We get a demonstration. The attractive
conference organiser acts as guinea pig.
She takes off her sarong and lies naked with
her eyes closed on a table in the middle of
the auditorium. When she goes into a kind
of trance, Barnes starts to move his hands
not on, but above her body like a magician,
occasionally touching pressure points on
her throat or knees. She soon heaves and
moans, her body shivers, she doesn’t stop,
she clearly comes. Over a hundred people
watch with utter reverence. No sniggers,
no heavy breathing anywhere.
Dodgy? Nope. Dignified, yes. Divine?
Who knows. What makes sex sacred is
not the incense or the candles — it’s your
full presence. I am grateful that all this
knowledge is out there, as exotic or shocking
as it may seem. And that it’s spreading.
Time to pack my bags. Goldie must have
had a visitor at our apartment while I was
conferencing. Next to her unmade bed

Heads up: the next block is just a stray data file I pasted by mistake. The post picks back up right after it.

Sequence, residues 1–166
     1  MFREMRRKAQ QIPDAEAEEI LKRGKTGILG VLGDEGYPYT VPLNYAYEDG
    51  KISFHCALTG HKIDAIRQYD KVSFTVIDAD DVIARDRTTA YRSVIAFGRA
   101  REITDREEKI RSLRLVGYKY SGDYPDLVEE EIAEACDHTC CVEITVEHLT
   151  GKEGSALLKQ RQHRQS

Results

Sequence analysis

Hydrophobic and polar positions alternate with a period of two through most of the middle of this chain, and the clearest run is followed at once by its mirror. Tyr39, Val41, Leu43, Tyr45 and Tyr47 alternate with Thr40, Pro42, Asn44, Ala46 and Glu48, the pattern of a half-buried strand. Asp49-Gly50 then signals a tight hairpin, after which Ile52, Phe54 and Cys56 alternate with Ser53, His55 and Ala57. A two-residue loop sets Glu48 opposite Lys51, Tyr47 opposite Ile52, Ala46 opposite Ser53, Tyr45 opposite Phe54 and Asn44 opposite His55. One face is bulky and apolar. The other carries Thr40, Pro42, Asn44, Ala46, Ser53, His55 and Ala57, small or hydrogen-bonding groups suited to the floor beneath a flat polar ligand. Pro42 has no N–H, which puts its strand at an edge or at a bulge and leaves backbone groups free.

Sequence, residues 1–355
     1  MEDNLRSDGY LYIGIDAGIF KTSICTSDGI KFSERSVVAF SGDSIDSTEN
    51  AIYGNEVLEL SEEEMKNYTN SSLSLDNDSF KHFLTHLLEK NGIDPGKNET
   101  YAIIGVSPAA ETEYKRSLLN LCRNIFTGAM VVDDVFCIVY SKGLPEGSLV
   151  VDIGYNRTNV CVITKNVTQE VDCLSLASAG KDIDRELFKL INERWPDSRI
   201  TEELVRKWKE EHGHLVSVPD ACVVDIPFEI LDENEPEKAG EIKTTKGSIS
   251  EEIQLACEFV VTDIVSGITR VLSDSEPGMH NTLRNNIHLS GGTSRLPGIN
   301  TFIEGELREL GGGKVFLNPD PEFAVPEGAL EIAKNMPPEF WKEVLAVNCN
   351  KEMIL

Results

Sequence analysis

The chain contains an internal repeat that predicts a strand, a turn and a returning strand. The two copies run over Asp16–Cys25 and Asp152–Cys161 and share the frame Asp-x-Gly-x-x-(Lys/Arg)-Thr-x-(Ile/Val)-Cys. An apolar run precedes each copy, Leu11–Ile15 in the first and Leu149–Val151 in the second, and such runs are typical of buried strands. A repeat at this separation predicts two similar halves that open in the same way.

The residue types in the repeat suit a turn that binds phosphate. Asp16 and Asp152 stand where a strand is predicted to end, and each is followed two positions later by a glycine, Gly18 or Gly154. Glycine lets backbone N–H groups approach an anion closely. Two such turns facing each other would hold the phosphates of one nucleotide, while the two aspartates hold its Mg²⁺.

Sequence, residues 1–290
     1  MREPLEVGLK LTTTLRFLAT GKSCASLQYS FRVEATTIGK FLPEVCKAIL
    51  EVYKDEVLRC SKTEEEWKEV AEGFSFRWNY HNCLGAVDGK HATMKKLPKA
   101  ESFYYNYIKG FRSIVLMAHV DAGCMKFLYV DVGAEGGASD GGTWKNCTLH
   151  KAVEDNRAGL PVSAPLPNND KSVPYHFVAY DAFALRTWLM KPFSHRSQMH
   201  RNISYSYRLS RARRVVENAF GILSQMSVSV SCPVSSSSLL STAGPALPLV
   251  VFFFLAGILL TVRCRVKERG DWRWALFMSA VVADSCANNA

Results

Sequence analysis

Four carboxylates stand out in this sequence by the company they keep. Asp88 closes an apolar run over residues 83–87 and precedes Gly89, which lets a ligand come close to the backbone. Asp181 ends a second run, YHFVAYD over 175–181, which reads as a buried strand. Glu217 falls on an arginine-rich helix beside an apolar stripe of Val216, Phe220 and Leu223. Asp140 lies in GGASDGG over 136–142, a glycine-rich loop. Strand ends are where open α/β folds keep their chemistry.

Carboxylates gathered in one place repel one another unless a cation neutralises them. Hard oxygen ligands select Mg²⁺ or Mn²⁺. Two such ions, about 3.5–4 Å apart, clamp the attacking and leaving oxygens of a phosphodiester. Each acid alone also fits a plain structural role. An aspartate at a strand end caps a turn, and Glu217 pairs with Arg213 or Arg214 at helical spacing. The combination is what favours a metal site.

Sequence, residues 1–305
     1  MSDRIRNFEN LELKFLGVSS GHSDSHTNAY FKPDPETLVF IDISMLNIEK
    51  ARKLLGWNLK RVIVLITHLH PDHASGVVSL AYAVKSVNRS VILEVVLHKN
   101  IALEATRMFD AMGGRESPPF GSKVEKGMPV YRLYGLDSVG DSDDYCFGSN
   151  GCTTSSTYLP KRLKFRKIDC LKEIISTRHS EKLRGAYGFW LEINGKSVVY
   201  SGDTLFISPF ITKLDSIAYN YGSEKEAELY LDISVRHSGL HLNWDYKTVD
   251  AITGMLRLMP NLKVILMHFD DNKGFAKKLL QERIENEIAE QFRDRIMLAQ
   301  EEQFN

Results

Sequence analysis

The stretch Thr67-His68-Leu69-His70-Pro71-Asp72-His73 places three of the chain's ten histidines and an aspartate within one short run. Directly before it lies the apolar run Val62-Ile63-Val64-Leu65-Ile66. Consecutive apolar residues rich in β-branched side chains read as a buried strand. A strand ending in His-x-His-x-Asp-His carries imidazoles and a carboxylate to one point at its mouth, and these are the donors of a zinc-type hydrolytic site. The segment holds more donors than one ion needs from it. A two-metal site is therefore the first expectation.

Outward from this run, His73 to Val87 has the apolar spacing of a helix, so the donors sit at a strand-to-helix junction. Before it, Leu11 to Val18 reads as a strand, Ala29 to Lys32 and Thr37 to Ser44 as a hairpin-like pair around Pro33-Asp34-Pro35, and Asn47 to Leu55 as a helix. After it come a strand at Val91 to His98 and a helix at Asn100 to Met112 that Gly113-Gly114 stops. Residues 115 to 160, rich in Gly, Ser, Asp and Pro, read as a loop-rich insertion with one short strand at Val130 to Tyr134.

sits a bottle of almond oil and a half-finished
bar of dark chili chocolate. It speaks of
touch. My skin is one big receptor of, well,
universal love. There, I said it.
Day two, and I am soul-washed by
now, sparkling and shining from within.
A woman named Jessica Galactic Butterfly
— we are clearly in the rainbow region
— offers a workshop full of Omms and
orgasmic sounds. In the main theatre, an
Australian practitioner explains how to
identify and heal sexual abuse with tantra,
while in another room, the “Youth Speak”
forum starts — a panel of teens and tweens
who “tell how it is” and clearly expect more
from sex ed than just how to roll a condom
over a banana. Brave stuff.
As my reservations fade, my respect for
this sari- and purple-clad crowd grows.
These are fun-loving people who are serious
and passionate about helping the world,
one orgasm at a time. They come in where
conventional therapy ends. Or to say it in
the words of MC Peter Thomas, who looks
like a gracefully aged Jesus: “Millions of
people walk around only half-alive. If we
honour and express our sexual energy as
our life force, we become more loving and
more creative in everything.”
Creative indeed. We are off to the “Lover’s
Mask Ball” that night, a fundraiser for
the Youth Speak forum. Goldie, my Kiwi
companion, covers her upper body and bare
Baba Dez shows
up wearing a
pair of nappies.
People kiss in
ecstatic and wild.